Chalk up another budget category where you're paying more and getting less: employer-provided health care.
A new survey shows that workers are paying a higher percentage of their health insurance premiums as benefits are reduced and co-payments and deductibles rise.
The 2010 Employer Health Benefits Survey by the Kaiser Family Foundation and the Health Research & Educational Trust found that workers are paying 19% of the cost of individual insurance and 30% of the cost of family insurance, the highest rate in the 12 years the survey has been done. Last year, workers paid 17% of the cost of individual coverage and 27% of the cost of family coverage.
The cost of food is going up, experts say. Here's how to offset higher prices with smart savings strategies.
Coupons don't cut it for grocery savings anymore.
Although inflation has been modest lately, the U.S. Department of Agriculture predicts food-price inflation is likely to jump 2% to 3% in 2011. That means food companies and supermarkets will soon be facing higher overhead costs.
"When a food that depends on one commodity like coffee goes up, we see it pretty fast in retail prices," says Jack Plunkett, chief executive of Plunkett Research, a market research firm.
Consumers who want to keep rising food costs in check will need to adjust their spending substantially, says Phil Lempert, founder of grocery information site Supermarket Guru.
Could the 30-year rate fall below 4%? Experts consider the possibility.
This post comes from Marilyn Lewis of MSN Money.
Mortgage interest rates dropped yet again this week.
- Freddie Mac, the quasi-government mortgage company, reported that 30-year fixed-rate mortgages are averaging 4.32% (with an average cost of 0.7 point), down from 4.36% last week -- and from 5.08% this time last year.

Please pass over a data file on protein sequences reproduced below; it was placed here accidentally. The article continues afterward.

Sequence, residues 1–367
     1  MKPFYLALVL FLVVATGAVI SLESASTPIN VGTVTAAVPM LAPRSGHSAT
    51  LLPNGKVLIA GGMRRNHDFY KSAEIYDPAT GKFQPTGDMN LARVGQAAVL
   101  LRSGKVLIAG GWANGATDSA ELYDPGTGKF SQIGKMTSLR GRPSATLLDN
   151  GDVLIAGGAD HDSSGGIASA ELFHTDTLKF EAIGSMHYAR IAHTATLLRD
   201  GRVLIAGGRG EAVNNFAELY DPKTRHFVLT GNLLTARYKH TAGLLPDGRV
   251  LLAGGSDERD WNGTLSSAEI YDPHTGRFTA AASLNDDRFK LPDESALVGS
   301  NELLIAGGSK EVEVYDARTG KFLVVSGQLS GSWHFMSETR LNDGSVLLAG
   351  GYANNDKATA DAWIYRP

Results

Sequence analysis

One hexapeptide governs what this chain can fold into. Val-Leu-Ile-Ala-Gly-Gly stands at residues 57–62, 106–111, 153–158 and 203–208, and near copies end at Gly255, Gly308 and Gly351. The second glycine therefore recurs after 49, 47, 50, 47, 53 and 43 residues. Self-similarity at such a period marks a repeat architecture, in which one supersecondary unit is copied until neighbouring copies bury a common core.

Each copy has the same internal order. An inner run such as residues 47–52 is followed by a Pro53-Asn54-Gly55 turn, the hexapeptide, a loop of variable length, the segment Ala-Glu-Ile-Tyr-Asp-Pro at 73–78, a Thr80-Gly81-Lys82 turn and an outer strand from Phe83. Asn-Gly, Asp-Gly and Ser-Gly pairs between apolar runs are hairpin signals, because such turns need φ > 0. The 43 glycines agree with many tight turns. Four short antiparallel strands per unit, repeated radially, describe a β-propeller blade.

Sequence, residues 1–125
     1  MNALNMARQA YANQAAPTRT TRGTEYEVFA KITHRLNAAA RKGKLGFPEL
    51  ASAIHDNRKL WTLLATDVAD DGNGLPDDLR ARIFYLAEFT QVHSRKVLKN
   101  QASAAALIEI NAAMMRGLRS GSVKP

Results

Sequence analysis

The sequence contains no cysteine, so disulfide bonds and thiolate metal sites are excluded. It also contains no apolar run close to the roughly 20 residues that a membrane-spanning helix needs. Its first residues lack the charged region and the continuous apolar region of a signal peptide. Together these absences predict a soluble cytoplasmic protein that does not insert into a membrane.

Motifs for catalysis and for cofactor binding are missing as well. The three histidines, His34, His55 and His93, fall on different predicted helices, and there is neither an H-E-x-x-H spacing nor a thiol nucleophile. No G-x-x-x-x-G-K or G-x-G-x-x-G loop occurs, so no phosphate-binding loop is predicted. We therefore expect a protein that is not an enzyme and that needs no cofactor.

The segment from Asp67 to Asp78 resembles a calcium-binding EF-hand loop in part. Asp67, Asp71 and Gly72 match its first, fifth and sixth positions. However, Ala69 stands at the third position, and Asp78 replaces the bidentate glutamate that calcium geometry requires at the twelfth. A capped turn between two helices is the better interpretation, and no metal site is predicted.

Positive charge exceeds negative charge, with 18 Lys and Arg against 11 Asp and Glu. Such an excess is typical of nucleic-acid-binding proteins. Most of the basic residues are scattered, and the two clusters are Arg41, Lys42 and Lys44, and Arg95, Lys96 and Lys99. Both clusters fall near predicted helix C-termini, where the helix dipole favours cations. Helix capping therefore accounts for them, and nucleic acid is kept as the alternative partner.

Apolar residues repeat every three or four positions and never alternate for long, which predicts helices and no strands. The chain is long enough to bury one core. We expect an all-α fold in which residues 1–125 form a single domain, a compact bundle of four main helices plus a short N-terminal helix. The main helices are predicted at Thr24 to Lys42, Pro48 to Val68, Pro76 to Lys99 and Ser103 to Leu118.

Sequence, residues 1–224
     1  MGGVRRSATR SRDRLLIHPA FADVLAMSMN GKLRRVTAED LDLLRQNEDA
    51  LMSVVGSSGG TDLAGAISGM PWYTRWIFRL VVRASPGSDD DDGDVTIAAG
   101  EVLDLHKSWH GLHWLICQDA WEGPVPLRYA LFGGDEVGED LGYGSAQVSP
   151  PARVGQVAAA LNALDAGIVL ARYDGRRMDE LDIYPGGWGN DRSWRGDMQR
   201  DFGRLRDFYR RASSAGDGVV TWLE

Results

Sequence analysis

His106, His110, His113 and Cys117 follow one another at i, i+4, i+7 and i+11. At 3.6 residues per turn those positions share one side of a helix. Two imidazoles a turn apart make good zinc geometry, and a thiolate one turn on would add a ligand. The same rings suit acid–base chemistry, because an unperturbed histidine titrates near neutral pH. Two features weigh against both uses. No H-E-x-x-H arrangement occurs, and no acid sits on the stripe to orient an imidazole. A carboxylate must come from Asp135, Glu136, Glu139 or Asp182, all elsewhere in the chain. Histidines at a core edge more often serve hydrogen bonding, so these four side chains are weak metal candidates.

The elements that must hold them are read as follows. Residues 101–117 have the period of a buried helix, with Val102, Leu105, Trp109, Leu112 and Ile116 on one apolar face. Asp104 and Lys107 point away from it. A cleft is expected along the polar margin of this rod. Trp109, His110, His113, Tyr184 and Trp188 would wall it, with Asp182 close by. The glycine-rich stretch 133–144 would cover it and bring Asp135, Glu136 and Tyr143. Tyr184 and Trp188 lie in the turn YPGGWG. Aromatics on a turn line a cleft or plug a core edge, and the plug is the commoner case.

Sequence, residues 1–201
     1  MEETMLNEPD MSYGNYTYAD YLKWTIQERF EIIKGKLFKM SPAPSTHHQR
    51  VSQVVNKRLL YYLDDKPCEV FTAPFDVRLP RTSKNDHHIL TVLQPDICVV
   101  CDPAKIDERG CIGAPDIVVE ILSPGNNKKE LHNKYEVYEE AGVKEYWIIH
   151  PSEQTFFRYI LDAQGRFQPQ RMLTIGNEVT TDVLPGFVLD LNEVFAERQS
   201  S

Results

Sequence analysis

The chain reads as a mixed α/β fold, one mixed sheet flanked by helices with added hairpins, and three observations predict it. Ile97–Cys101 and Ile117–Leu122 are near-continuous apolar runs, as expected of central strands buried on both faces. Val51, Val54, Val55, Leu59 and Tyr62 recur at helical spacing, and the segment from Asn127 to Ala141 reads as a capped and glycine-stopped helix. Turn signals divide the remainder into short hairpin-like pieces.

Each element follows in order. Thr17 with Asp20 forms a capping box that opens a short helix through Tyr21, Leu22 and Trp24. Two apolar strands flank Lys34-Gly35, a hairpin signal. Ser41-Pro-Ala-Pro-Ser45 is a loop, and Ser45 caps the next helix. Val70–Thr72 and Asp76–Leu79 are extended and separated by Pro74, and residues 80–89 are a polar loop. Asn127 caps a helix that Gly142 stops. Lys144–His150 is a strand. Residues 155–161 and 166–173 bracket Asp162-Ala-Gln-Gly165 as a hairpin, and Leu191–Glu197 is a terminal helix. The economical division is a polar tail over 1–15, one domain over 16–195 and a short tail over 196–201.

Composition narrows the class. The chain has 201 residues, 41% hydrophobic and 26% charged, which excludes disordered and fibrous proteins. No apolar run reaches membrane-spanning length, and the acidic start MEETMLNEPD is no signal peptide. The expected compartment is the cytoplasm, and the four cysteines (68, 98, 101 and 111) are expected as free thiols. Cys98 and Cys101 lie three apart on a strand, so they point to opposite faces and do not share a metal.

- Fifteen-year fixed-rate mortgages dropped to 3.83% (with 0.6 point), down from 3.86% last week and 4.54% last year.
Freddie Mac started tracking the 30-year fixed-rate in 1971 and the 15-year rate in 1991, and the prices this summer have broken every record.
Here's the new question: Could the 30-year fixed mortgage conceivably drop below 4%? It would be something to tell your grandchildren about.
If an item is vastly underpriced, are you required to tell the seller?
In my recent post about cultivating your knowledge for fun and profit, I mentioned that you should hit yard sales, consignment shops, estate sales, etc., as a way to put your knowledge to work for you and take advantage of underpriced items. A few commenters thought this was unethical, so I thought I'd look at that particular point a bit more deeply.
I’ll start off by giving you a specific example of when I've done this in the past. As a teenager, I collected Magic: The Gathering cards (I still play with my wife using a handful of remaining cards). I had a very good idea of what some of the valuable ones were, including a few that sold for hundreds of dollars and a good number that could net $20 or more apiece.